Leonard Knight passed away last year but he left an incredible legacy, an embodiment of love, that is Salvation Mountain. From 1984, he painted and remodeled a little hill in the California desert that’s colorful as a cupcake and truly meaningful. And if anything ever would have been meant to be shot with Lomo cameras, it would be this psychedelic, holy hill.
It was during a stay in L.A. that my friend @satomi, queen of cool, took me on a field trip across the sunny state to Salvation Mountain. It’s not that easy to find but with a little back and forth and zigzagging, you will manage. It’s close to the Mexican border and we even got checked by a police officer. He was quite confused by the fact that a German and a Japanese are hanging around in the desert. To check that we are humans he even asked us if we like Depeche Mode! Guess we passed the test.
Salvation Mountain is not too far from the Yellowstone National Park and is a stone’s throw away from Salton Sea. At 1,000 square meters, it is the biggest lake in California, which ought to be stinking up to Los Angeles because the salt lake produces large amounts of sulfur due to fertilizers and the lack of water. What a contradiction to the beauty of Salvation Mountain.
When you first see this 100-feet long screaming, colorful hill, you would probably think that it’s part of a comic in a different dimension. And that is the magic of it. I want to believe that it is also a criticism to the world we live in today. California is the eighth largest economy in the world. But it is good to refrain from the greed of money and time and take a minute to think about love—just that. Knight was never paid to do what he did, to take 500,000 gallons of paint and put it in layers on a hill. It is a vision of art and compassion, although a bit cuckoo. But the creator didn’t take himself too seriously, labeling himself a little hobo-bird. Once a welder, soldier, and guitar teacher, he dedicated his life only to the sole purpose of creating Salvation Mountain.
When he started in 1984, Knight only wanted to spend a week or two working on his project. But then he ended up working tirelessly for 30 years on his piece of art that was never meant to be finished. It is full of religious symbols and biblical messages. Everything is centered around a massive God Loves You on the top with a simple giant cross. There is a pathway leading up to an artificial Lucy in the Sky poppy garden. Paint fumes may have done something to alter Knight’s imagination. There are little man-made caves around the hill, with wires formed into sculptures of urban life. Leonard gathered what he could find to add up to his installation, and in time people donated material to him. You can also find boats, motorcycles, cars, and a trailer which was painted in the same fashion as the mountain. The trailer was also his retreat when he worked. He didn’t stay all the time there because life in the desert is harsh, especially at an old age. There is no water and electricity, and telephone poles were only used in his installation.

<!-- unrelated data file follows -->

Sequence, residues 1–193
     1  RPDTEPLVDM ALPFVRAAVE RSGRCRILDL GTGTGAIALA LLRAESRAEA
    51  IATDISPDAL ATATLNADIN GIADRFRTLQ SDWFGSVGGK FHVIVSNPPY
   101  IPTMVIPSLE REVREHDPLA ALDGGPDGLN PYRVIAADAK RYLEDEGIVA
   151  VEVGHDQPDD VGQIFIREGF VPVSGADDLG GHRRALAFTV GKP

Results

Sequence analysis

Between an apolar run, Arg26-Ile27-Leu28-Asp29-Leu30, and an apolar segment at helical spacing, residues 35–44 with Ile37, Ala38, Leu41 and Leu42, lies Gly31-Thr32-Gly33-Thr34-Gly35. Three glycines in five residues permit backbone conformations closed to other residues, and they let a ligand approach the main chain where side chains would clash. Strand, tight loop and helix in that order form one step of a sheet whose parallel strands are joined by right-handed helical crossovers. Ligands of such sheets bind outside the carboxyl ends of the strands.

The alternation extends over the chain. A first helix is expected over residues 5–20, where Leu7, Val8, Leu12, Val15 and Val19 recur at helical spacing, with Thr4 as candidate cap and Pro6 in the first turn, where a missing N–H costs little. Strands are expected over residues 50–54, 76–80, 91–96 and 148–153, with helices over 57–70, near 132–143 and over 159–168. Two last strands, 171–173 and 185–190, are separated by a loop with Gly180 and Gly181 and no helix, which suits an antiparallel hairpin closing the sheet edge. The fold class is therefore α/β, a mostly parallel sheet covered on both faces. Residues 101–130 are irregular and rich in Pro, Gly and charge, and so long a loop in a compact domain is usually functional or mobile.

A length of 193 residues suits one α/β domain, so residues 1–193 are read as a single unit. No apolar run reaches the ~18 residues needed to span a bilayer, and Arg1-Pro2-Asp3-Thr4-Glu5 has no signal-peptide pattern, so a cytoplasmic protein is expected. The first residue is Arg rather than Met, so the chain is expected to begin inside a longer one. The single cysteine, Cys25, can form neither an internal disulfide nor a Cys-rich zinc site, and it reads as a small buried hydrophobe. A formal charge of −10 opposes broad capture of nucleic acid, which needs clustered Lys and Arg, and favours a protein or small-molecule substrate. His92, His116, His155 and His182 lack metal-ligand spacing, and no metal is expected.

Salvation Mountain is not a place to live, but to love. There is no entrance fee; you are just obliged to treat the holy hill with respect, to leave it untouched. But I guess it was always the creator’s interest to spread the word. To be featured in tales such as this one. There is a non-profit organization that tries to preserve Salvation Mountain. It is what it is, hopefully eternally, because there have been setbacks over the decades. Once, a lightning destroyed the original cross, and desert rain washed the paint away.
It was great to spend time with Satomi and seeing her photographic process. How meticulously she bent the exposure times of the Diana F+ to achieve the great results she always displays. She made an amazing LomoKino film from our time there, which I consider one of the best to date as well.
It was actually one of the first LomoKino movies ever. She tested the camera before it hit the market. That’s why she hid the camera when I shot her in the process. I think it’s one of my favorite shots because it is simply amazing.
I am not religious and wouldn’t go more often into a church after visiting Salvation Mountain. But I admire the work of a single man, the dedication and conviction to follow a vision. That is spiritual for me and I believe in that. I think that’s the thing. You just have to be believe in something; otherwise, you are a restless soul.
The Sean Penn flick, “Into the Wild,” built Salvation Mountain a cinematic monument. Even the motion pictures could not resist its magnetic power and made even Emile Hirsch and Kirsten Stewart a little bit cooler. There, you’ll have a glimpse on Leonard Knight as well.
To honor Knight, I would like to conclude this article with his words: “There is Mount Rushmore, and there is Salvation Mountain.”